The Philippine Eagle Foundation (PEF) joins the 27th International Ornithological Congress in Vancouver (August 19 to 26) to save the Philippine eagle from extinction.
In support of PEF, the Philippine Consulate General is holding a reception on August 21 at the Consulate at 999 Canada Place. There will be a mini-exhibit and a preview of the documentary film “Bird of Prey” to raise awareness on the Philippine government’s wildlife conservation program focused on the critically endangered Philippine eagle.
The "Bird of Prey" premieres on Wednesday, 22 August 2018, 7.00pm to 10.00pm at the Science World. Please refer to the following link to register:
The Philippine eagle, found only in the Philippines, is considered to be one of the three largest and most powerful eagles in the world. Also known as the monkey-eating eagle, it is the national bird of the country and is in critical danger of extinction due to massive loss of habitat resulting from deforestation through illegal logging and irresponsible use of natural resources.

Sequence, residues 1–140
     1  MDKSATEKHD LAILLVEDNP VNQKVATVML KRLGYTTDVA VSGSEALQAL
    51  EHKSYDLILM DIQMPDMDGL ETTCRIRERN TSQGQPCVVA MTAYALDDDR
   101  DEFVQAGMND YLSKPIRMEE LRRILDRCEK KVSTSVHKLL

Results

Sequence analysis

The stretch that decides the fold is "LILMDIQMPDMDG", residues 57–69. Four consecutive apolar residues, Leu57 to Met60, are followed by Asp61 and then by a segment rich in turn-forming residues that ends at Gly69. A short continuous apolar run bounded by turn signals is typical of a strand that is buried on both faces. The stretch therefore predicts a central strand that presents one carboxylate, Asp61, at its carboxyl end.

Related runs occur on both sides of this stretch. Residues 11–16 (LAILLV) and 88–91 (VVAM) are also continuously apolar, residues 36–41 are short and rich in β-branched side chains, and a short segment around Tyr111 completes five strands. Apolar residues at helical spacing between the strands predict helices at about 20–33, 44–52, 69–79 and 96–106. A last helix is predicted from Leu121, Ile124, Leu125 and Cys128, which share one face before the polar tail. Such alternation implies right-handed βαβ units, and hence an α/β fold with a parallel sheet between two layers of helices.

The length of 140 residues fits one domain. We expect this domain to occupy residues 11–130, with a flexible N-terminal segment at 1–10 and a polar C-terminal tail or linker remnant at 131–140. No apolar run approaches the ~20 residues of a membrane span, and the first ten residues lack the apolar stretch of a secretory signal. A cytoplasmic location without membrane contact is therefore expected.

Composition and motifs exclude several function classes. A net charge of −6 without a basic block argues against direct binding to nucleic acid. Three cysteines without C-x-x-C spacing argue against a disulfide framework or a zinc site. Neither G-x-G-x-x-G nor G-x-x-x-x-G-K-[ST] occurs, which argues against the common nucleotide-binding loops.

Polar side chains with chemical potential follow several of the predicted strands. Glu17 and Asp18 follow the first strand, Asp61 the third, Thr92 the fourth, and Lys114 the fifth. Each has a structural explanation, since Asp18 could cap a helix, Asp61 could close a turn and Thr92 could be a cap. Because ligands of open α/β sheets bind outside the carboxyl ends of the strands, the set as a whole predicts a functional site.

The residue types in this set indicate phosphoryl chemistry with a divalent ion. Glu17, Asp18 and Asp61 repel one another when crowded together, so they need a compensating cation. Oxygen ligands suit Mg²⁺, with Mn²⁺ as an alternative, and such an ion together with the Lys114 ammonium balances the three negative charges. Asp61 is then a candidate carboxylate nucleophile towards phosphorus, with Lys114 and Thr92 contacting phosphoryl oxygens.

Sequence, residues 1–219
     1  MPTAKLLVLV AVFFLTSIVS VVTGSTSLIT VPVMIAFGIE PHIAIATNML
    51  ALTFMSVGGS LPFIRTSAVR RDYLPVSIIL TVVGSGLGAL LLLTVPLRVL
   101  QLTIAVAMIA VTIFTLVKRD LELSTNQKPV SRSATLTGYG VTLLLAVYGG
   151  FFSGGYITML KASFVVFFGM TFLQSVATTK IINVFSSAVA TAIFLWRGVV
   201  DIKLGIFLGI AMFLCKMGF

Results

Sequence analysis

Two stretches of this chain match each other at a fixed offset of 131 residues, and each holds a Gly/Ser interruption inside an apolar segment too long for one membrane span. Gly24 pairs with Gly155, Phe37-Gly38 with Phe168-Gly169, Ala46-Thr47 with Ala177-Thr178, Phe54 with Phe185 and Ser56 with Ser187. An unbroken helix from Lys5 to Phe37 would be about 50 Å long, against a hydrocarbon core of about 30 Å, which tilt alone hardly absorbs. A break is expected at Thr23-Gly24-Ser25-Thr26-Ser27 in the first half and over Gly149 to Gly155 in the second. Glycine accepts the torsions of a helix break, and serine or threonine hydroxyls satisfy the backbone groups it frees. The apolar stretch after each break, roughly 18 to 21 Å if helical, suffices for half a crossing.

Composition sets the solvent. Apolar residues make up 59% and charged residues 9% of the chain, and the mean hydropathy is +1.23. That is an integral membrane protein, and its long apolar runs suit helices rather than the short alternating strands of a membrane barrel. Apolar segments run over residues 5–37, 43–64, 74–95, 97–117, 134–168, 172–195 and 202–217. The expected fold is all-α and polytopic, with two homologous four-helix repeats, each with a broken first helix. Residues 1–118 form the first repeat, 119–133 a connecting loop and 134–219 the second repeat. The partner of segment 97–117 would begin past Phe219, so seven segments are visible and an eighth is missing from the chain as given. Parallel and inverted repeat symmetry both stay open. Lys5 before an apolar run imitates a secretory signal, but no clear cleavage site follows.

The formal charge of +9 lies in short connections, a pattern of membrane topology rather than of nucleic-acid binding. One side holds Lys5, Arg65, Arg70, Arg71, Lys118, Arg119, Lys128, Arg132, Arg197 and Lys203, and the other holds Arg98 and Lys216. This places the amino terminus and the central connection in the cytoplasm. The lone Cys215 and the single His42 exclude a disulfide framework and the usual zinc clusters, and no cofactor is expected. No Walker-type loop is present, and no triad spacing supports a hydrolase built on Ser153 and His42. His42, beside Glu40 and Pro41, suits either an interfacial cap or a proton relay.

Killing a Philippine eagle is punishable under Philippine law up to 12 years in prison and heavy fines but corruption in all levels of government gets in the way of enforcement. Very often, Philippine eagles are killed without provocation, and mostly out of fear and ignorance, or worse, just for sport.
A rarity to see a Philippine eagle in the wild
Philippine eagles are raptors, the group of birds also called “birds of prey” that includes hawks, falcons, eagles, owls, and vultures. They are the only blue-eyed birds of prey in the world, with eyes that can see eight times the distance than that of humans.
The Philippine Eagle Foundation describes the Philippine eagle as having a dark face, long, brown and white plumage, a shaggy, mane-like crest, a massive arched beak and large yellow legs with powerful dark claws. It generally measures one meter (3 feet) in height with a wingspan of two meters (7 feet), the broadest in the world.
Philippine eagles are found only on the islands of Luzon, Samar, Leyte and the largest numbers on Mindanao. They are solitary, fiercely territorial and mate for life. They live up to 40+ years in captivity but probably much less in the wild. Their current population is unknown but it is thought to number fewer than 250 mature ones in the wild.